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Critically endangered turtles hatch in record numbers in Philippine village

Hawksbill sea turtles are a critically endangered species of sea turtle, with its population declining by as much as 80 percent in the past decade. In the Philippines, this turtle species is among the most trafficked on the black market due to its sought-after shells.

Recently, however, communities in the coastal village of Candiis who are hard at work trying to protect turtle nesting sites have recorded their most successful season in recent years, with nearly 300 hatchlings released into the sea in the first half of May alone — and more expected before the month ends.

Residents of the village, in the coastal town of Magsaysay, released the first batch of 144 hawksbill sea turtle hatchlings on May 1, with the second batch of 155 little turtles released nearly two weeks later.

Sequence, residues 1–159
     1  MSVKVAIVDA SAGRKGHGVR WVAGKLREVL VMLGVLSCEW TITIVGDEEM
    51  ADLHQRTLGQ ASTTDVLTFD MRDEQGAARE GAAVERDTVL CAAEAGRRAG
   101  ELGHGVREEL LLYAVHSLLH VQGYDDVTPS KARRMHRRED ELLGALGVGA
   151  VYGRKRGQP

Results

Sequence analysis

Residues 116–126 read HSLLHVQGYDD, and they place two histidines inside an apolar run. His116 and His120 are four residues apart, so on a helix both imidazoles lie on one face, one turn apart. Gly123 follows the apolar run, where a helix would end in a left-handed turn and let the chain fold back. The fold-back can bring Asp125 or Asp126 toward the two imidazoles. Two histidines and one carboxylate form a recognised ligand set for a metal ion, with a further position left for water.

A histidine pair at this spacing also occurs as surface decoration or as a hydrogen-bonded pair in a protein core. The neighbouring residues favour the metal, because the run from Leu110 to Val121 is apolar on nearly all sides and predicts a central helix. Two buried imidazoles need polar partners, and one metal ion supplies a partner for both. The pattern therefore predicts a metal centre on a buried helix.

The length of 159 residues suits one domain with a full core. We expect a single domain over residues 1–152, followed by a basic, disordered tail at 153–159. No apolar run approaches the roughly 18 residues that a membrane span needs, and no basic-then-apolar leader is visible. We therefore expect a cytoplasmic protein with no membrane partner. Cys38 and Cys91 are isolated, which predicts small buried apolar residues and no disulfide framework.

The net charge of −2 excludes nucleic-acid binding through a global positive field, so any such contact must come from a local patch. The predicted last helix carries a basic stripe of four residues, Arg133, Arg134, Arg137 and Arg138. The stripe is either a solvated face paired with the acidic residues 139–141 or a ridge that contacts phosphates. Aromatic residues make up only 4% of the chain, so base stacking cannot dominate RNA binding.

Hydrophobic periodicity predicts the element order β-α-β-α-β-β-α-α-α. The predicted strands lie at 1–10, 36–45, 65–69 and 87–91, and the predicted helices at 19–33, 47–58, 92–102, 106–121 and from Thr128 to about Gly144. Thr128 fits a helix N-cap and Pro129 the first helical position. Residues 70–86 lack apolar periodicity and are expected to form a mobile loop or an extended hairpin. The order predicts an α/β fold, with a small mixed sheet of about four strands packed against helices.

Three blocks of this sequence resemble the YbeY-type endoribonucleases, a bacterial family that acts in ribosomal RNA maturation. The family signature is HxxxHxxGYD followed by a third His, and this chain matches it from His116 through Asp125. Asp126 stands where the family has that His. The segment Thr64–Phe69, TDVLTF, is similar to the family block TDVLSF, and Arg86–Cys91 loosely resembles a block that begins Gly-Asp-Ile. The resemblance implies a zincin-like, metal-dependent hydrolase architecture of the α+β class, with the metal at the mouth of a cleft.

Magsaysay is home to a 612-hectare (1,512-acre) site declared a critical hawksbill turtle habitat. The community expects the third batch of eggs, numbering 100 and laid on March 22, to hatch in the third week of May. Altogether, it will be the largest number of turtle hatchlings released in a single month.

This isn’t the first time we’ve written about the resurgence of hawksbill sea turtles. Last month, we shared a story from the coast of Thailand where record numbers of hawksbill sea turtle nests were being found.

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